Bob awoke to a bright and sunny morning the day he had scheduled for himself to go shopping for a new Jeep. He loved his old Jeep. It had been both a workhorse and a simple pleasure to strip-down and drive on the open road. But its time had come. Bob, like many Jeep owners, was extremely loyal to the brand. And, as with many Jeep owners, his social life partially revolved around ownership. He’d give a wave to other Jeep owners when he passed them on the highway and he belonged to an off-road club that would take excursions to places that only a Jeep could traverse.
On that bright and sunny morning, he returned to the dealership where he had purchased his current Jeep many years before, Stan’s Jeep Warriors. He was intent on making a purchase. Bob sat with the salesperson who explained the merits of the Jeep brand and the workings of vehicle as he’d never heard of it let alone driven one for years.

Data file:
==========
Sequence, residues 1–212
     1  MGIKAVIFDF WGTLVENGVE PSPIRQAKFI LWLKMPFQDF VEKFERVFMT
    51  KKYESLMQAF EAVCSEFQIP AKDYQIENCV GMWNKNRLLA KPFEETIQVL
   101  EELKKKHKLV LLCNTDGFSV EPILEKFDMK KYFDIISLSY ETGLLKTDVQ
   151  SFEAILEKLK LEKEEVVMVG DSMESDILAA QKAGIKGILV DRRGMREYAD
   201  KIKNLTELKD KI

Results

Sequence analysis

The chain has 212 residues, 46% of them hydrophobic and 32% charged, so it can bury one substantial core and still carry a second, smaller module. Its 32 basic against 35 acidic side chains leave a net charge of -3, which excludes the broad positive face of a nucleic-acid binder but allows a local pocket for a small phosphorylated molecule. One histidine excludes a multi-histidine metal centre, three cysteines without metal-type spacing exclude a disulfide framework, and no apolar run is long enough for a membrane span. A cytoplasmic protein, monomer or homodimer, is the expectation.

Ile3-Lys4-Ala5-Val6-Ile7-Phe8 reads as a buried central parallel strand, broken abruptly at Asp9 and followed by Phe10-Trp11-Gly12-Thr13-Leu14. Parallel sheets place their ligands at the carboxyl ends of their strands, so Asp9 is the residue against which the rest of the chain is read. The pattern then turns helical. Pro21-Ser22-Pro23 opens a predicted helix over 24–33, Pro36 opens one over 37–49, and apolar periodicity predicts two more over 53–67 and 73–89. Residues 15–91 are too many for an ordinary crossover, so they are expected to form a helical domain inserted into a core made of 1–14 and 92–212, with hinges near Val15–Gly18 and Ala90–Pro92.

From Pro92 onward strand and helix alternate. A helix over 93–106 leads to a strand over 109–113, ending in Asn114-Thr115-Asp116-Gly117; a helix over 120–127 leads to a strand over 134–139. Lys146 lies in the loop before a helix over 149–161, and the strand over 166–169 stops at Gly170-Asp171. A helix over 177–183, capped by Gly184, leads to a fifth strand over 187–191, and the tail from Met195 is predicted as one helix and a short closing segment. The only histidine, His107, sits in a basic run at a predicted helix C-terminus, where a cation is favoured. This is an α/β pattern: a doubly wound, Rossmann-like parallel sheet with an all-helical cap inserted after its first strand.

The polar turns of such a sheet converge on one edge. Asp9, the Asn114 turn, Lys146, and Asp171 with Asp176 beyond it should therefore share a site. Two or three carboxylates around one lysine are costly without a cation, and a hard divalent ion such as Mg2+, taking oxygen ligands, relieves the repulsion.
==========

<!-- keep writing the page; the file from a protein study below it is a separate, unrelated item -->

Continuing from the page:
The two chatted for a bit more until finally the salesperson got a set of keys. Bob was very excited. He was taken out to the lot and brought to a shinny, hunter green, two-door, Wrangler. The salesperson unlocked the door and then handed Bob the keys.
Bob slid behind the steering wheel and turned over the ignition. The powerful motor came to life but, almost immediately, so did the radio. Music was blaring into the cab. Bob frantically searched the radio’s controls for the off switch but he couldn’t find it.
“Where’s the radio’s off switch?” Bob shouted to the salesperson.
“There’s isn’t one,” the salesperson cheerfully yelled.
“How about volume control?”
Bob turned off the ignition and there was silence.
“That is the stupidest thing ever,” he said.
The salesperson smiled with a smarmy grin at Bob. “Sir, Jeeps have always had radios.”